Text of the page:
ENP workshop shows how sustainability strategies save money and grow revenues for both multinationals and startups

Past Tides
September 14, 2017 By Wendy Wolfson

According to panelists at the August 4 Executive Next Practices “Sustainability Forum—Strategies for ROI,” sustainability initiatives can create new efficiencies in your business, save money, reduce employee injuries, save energy—in short, make both business and economic sense. Scott Hamilton, ENP CEO and April Economides from collaborating Cove organization SustainOC, introduced sustainability officers from a range of industries.

Sustainability practices can benefit a business by improving the brand, reducing costs, attracting good talent, reducing waste and boosting energy efficiency. However, inducing thousands of employees to change habits means pulling people from their comfort zone. “Education, education, education,” said Naderehan Afsharmanesh, vice president of sustainability at Earth Friendly Products.

Diane Biagianti, vice president and chief responsibility officer at Edwards LifeSciences, LLC., recently returned from a global road trip unrolling sustainability initiatives at Edwards Lifesciences. Biagianti focuses on communicating the business benefits, as people still think of sustainability as philanthropy. “The bigger picture, is about changing the culture and the mindset of the people in the organization,” said Biagianti, “It is a journey. Get as much buy in as you can. So much of what you deal with touches different functional groups.”

Allergan, a $50 billion company that operates in 100 countries and a member of the Dow Jones sustainability index, is focusing its current sustainability initiatives on access to medicine and pricing. According to Sulaiman Hamadi, director, sustainability and product stewardship at Allergan, increasing efficiencies in the value chain is saving Allergan $10 million annually by reducing energy, waste, and water inputs as well as preventing employee injuries. Other important priorities include increasing sustainability in the supply chain and corporate governance. Hamadi reports the company met its 2016 health and safety performance objectives by lowering their employee injury rates through identifying hazards, having weekly management walk-throughs, and by encouraging leadership engagement. Allergan projects that it will save $8 million a year on energy by 2020.

“Most things that have helped are communication,” said Hamadi. “Seventy percent of the ideas we have had that are really tremendous come from engagement with our employees.” Hamadi prioritized the strategic steps businesses can take to increase sustainable practices:

1. Raise the profile of sustainability initiatives through internal communications,
2. Enact social initiatives within the community to incentivize efforts,
3. Find a champion who can take responsibility for driving ownership and goals and can lead a team,
4. Develop an implementation team,
5. Establish metrics as core values,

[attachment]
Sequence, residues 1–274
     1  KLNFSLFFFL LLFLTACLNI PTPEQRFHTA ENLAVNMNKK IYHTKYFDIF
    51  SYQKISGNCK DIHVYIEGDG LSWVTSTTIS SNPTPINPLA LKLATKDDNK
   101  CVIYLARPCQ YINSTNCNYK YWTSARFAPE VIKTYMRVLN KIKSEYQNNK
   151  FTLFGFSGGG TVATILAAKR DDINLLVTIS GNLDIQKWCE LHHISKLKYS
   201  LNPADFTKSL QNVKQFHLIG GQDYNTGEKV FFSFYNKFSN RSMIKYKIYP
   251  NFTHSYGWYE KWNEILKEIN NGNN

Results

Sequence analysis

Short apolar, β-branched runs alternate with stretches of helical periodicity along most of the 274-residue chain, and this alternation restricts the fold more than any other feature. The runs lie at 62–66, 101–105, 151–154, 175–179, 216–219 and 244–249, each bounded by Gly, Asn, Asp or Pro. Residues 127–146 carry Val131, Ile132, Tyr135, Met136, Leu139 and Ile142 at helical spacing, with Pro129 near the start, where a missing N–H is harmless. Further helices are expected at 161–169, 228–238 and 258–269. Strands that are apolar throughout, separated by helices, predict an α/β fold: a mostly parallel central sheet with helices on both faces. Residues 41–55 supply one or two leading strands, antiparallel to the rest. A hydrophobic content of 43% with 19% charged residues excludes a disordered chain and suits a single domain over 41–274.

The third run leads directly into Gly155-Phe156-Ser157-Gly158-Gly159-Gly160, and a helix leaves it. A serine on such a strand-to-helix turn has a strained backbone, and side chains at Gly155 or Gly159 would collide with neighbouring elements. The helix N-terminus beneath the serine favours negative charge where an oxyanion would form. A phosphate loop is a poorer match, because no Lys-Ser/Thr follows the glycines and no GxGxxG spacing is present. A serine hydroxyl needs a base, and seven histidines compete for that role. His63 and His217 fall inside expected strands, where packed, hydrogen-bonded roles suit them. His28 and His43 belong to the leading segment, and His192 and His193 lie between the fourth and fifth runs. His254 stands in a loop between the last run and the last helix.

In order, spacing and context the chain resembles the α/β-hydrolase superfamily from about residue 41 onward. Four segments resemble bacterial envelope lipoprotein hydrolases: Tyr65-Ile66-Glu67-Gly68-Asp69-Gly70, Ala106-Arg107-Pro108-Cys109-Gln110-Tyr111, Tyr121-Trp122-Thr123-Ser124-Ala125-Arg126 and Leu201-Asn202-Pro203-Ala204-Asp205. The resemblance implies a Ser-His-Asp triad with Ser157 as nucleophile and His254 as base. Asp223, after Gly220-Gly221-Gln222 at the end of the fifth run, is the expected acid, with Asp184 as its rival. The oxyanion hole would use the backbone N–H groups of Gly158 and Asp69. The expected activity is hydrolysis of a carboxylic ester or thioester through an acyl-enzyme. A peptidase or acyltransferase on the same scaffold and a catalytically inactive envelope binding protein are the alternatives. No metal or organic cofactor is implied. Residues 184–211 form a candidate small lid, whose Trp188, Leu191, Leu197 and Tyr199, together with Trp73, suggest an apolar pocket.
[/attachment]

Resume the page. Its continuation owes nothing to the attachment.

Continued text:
6. Use technology drive efficiencies.

Molly Ray, national environmental solutions manager sales lead for GreenerOffice™ Solutions at Office Depot, commented that sustainability numbers are not always black and white, and sometimes it takes time to see results. Office Depot sells 28% green products. To implement the overall sustainability vision, it is important to create a laundry list of the steps that need to take place, what critical players are needed to lead implementation, and the metrics for measuring how you will know that people are ‘contributing and winning.’

To know how your sustainability practices impact customer and suppliers, Ray advised the following steps:

1. Identify your team,
2. Develop messaging,
3. Solicit buy in from staff using surveys,
4. Invite accountability from everybody,
5. Ask, what are your areas of negative impact and what do you need to do to convert them to                                opportunities?
6. Create incentives and awards programs to promote the cause.

Ray said that she “shouts out” to people on Slack and rewards them when they recycle.

Audience members grouped by tables discussed some of the following questions:

How sustainability strategies can improve the relationship with customers and create more value for them. A perceived risk of a sustainability initiative is that it could initially create more expense in the supply chain as suppliers may need to retool.

How to mitigate short term investments in the supply chain by suppliers. Think about either mandating sustainability strategies through suppliers or making partnerships. However, suppliers might balk at any extra start-up costs.

How does can sustainability affect the user experience. Innovations are only as sustainable as their context, for example, electric vehicles are only as green as the grid they are tied to and require partnership with customers to work.

The discussion was followed by a presentation from Bottle Rocket, a startup in the Wayfinder program at the Cove. According to Manisha Priyadarshini, Bottle Rocket’s web developer intern, recycling has not changed since the nineties. Bottle Rocket is the first on-demand recycling service that rewards you for recycling from home. The company brings participating households drop off bins, then picks them up when full. Regarding entrepreneurial sustainability, Bottle Rocket just saved 5000 pounds of carbon emissions in July. Currently, 1,200 families are participating in the company’s soft launch. “We are a triple bottom line company, meaning we can be profitable, give back to the community, and promote a sustainable mission all at once,” said Priyadarshini. “You recycle, we pay, and earth wins.”